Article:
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The world of technology is so vast and diverse that there are many things that exist and are very important parts of manufacturing everyday objects that you know nothing about. You are likely here because you want to find out more about CNC machines, or computer numerical control machines.
They are electro-mechanical machines that manipulate tools using digital programming inputs. The CNC machine was first created in the 1950s and relied on data formulated and stored through telecommunication technology known as perforated paper tape, or punched tape. These two forms of technology have long been rendered obsolete, and the data medium became analog, then went fully digital in the 1960s.
For those who are not tech proficient and do not understand what CNC machines are, CNC machining is simply a manufacturing process in which computers dictate the control of machines and how they manufacture parts. CNC programs control every part of the process, from the movement of the machine parts to the spindle speed, the coolant, and many more. The input language for CNC machines is called ‘g-code’.
This page will hope to tell you everything that you should know about CNC machines, and how they can be used effectively to benefit businesses and companies.
The History of CNC
As was mentioned in the introduction, CNC machines, which were then known as NC machines, were built in the 1950s and operated on punched tape technology. The U.S. Army helped toward their development by buying one-hundred and twenty machines and loaning them out to manufacturers so that they could get to grips with the concept of numerical control. Toward the early 1960s, the NC machines were becoming very popular. When it was realized that NC machines could save people a lot of money, manufacturers began investing in their development.
There were difficulties, however. One such difficulty was the code input into the machines. While today these machines operate from the aforementioned g-code, then, every manufacturer had their own language and code for defining numerical control that they would use. Toward the mid-1960s, the Electronics Industry Alliance made g-code compulsory on all machines and standardized it. G-code originated in MIT when it was used in their laboratories in 1958.
With the advent of CAD, paper drawing and drafts were largely replaced, and by 1970 CAD was an indomitable force in the CNC industry. As computer usage became more widespread, CNC machines became cheaper and more powerful, as well as more precise. CNC machines replaced more antiquated technology as they became cheaper, removing the need for machines like hydraulic tracers and manual machinery.
Types of CNC Machine
There are many different types of CNC machines, in fact, far too many to mention. The CNC machines that are most often used can be found below:
01. CNC Mills
CNC Mills are very basic, comparatively to the other types of CNC machine that is, and have the ability to cut in three dimensions (older machines may be restricted to two or two and a half at the very best), which are the X, Y, and Z axes. The CNC controls each axis with a servo motor.
02. CNC Lathes
CNC Lathes are considered to be the only universal CNC machine, largely because a lathe can make the parts that are necessary to run another lathe. Lathes spin the workpiece around on a spindle while a cutting tool slices it. Owing to its geometry, lathes are great for symmetrical parts.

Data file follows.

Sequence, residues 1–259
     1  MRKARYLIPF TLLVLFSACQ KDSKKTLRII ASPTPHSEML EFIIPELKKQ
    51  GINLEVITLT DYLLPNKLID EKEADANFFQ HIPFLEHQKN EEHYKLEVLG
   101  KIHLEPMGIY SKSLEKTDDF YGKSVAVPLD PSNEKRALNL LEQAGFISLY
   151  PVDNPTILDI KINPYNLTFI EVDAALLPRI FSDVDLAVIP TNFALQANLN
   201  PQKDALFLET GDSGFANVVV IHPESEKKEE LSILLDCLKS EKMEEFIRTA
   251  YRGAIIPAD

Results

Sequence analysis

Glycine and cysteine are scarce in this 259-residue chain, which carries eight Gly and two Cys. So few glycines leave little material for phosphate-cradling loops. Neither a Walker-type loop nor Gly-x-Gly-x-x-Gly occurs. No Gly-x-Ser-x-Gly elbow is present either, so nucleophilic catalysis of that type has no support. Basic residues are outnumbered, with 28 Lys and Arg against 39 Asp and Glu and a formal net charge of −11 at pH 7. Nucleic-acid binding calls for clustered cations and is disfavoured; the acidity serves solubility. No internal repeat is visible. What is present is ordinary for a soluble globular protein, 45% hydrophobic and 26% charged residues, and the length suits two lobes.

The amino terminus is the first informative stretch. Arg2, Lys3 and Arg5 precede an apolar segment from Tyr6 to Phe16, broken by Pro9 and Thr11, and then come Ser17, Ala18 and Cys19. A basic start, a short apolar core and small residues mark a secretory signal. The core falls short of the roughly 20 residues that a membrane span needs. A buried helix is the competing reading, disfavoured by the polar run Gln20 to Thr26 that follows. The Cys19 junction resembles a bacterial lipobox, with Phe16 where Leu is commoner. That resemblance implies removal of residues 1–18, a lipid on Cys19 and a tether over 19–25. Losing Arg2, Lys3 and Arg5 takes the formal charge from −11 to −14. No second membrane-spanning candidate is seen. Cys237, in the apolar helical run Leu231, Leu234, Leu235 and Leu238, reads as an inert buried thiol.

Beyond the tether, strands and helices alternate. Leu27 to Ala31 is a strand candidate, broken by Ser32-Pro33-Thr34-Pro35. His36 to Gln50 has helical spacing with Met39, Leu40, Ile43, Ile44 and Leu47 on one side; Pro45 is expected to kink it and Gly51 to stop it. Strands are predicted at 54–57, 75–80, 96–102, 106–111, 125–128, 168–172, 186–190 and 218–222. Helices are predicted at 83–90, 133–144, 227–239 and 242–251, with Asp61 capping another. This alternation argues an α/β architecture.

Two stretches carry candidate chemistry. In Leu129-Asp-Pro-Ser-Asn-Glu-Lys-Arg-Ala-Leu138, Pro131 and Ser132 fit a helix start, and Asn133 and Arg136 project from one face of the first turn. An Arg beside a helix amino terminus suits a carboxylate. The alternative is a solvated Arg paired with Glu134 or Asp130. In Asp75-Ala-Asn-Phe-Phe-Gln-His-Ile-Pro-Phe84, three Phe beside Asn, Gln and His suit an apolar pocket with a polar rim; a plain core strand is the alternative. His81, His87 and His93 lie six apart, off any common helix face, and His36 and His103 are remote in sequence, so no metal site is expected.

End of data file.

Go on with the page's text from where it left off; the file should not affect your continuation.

03. CNC Routers
CNC Routers were born from the CNC Mill. CNC Routers use a gantry configuration; they are called CNC Routers instead of gantry mills because they are frequently used to cut wood, although they are not restricted to this, and they can be quite difficult to use. CNC Routers are not as precise as CNC Mills; they sacrifice some of their precision to be used in gantry design.
04. Plasma, Laser, and Waterjet.
The more modern, high-tech CNC machines are plasma, laser, and waterjet. When using plasma or metal laser cutting, one would typically be cutting or shaping sheets of metal, usually flat. These machines often cost a lot of money and are used only by big industrial companies.
How Do CNC Machines Work?
CNC machines can seem very confusing when you know very little about them, but by reading this page, it should all become a little clearer. The first step when it comes to CNC machines is the design idealized part; this consists of using CAD, or computer-aided drafting, software to render and design a 2D or 3D composition of the part that you are intending on creating and want to design.
CAD software is like drawing and graphic editing software that allows you to draw the object to your own specific dimensions. The next stage is the programming stage. Using CAM software, you convert the earlier rendered CAD model into g-code (as referenced in the introduction).
Once you have designed your composition and programmed it, you can move onto the machine set-up. First, set-up the work-holding to hold your workpiece in place while you are machining it and load the g-code and tool data onto the machine to manufacture the part. You must assign a part zero which corresponds with the 0, 0, 0, in the initial CAD design. Once you have done that, you are ready to machine your part and can turn the machine on.
There are many benefits that are associated with CNC machines, which is why they are so widely used nowadays. They are cost-effective and time-effective and replace the need for manual machinery on items and parts that need to be cut very precisely. They create a much more flexible environment when it comes to the machine making process and are far safer than other methods.
They do not require any manual aid, other than the set-up process, which makes it far safer for employees and workers to manage the machines without posing a threat to their lives. They also boost overall production volume and reduce the need for setup changeover.